Grudge match of the heavyweight economists. Kenneth Rogoff and Carmen Reinhart, two of the most respected academics in the field, now red-faced when a new review of their work exposed basic excel errors in their paper about excessive debt being detrimental to economic growth that has been widely cited by deficit hawks and the pro-austerity camps. You can almost picture Paul Krugman and other liberal economists in the corner giggling with delight like schoolgirls at seeing their counterparts go in full-on damage control mode.
All kidding aside though, this doesn't change the fact that over-leveraged economies, particularly those with large amounts of (foreign) short-term debt and current account deficits, have time and again been subjected to coordinated speculative attacks against their currencies that almost left them bankrupt and in many cases, crippled for years to come.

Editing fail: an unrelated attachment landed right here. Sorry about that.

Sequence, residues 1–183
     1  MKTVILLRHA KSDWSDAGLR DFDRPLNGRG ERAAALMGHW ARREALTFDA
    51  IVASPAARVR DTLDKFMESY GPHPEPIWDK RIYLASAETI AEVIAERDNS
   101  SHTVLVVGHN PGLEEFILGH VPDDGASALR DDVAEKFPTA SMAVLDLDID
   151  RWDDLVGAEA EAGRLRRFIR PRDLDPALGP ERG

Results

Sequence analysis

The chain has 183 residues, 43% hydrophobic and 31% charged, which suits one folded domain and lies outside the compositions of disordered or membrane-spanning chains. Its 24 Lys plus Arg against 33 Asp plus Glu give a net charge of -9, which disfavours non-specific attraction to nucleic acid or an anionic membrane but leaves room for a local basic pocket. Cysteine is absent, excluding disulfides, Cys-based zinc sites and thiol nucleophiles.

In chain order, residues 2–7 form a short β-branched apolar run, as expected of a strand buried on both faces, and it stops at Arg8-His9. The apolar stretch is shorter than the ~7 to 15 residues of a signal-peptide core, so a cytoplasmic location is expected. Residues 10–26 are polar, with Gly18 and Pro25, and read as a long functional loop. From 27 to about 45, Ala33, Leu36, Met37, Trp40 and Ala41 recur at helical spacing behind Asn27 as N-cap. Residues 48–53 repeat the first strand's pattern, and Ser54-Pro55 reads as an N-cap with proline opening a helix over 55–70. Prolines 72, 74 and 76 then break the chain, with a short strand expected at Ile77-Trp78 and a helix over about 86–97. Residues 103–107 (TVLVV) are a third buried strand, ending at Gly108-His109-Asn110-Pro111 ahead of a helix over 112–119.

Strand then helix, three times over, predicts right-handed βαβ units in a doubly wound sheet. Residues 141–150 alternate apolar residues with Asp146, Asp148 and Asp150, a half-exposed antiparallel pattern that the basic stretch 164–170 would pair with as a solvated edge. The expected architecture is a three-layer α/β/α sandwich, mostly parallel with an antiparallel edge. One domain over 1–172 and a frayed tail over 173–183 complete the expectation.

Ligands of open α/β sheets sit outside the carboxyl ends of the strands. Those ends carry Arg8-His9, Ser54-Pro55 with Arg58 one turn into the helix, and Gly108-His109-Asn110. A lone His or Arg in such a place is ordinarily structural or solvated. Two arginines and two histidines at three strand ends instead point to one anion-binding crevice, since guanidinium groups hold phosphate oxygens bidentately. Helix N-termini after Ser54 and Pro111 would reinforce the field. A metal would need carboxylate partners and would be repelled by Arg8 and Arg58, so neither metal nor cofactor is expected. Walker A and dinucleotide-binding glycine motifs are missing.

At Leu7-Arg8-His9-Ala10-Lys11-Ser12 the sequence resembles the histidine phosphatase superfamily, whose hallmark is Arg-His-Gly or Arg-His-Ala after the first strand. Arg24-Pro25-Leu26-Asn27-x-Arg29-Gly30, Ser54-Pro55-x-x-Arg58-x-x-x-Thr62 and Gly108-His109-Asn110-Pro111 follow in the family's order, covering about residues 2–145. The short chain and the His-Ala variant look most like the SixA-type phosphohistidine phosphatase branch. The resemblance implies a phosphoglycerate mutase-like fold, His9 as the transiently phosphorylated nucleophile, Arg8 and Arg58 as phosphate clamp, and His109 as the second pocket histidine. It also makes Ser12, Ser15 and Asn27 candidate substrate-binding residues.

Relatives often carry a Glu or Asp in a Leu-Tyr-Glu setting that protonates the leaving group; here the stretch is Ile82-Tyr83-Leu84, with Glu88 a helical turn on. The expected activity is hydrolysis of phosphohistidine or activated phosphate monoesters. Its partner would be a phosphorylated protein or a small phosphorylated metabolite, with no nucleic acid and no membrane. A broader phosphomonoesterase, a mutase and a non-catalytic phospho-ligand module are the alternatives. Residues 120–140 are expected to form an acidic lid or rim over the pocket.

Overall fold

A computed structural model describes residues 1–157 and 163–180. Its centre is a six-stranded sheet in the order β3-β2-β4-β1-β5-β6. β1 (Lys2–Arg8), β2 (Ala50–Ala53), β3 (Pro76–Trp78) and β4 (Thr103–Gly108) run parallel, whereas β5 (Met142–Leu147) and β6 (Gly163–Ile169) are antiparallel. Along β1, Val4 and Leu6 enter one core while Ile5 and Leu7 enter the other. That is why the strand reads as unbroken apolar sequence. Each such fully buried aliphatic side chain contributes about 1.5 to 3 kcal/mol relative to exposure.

Economic and monetary fundamentals dictate that the U.S should have suffered the same fate as the Latin American countries in the 1980s and the East-Asian Tiger economies in the 1990s by now, precisely why the likes of Ron Paul and Peter Schiff can't stop blowing their doomsday horns. The U.S dollar, however, still remains the world's dominant reserve currency (and that too, by a significant margin). The sterling and the yen combined
barely make up 10% of the total market share in the last two decades. And with signs of the Euro already reeling under pressure from bailouts and internal strife, the dollar's primary reserve currency status will remain unchallenged, allowing the U.S to run massive debts and deficits without having to worry about the consequences in the short term.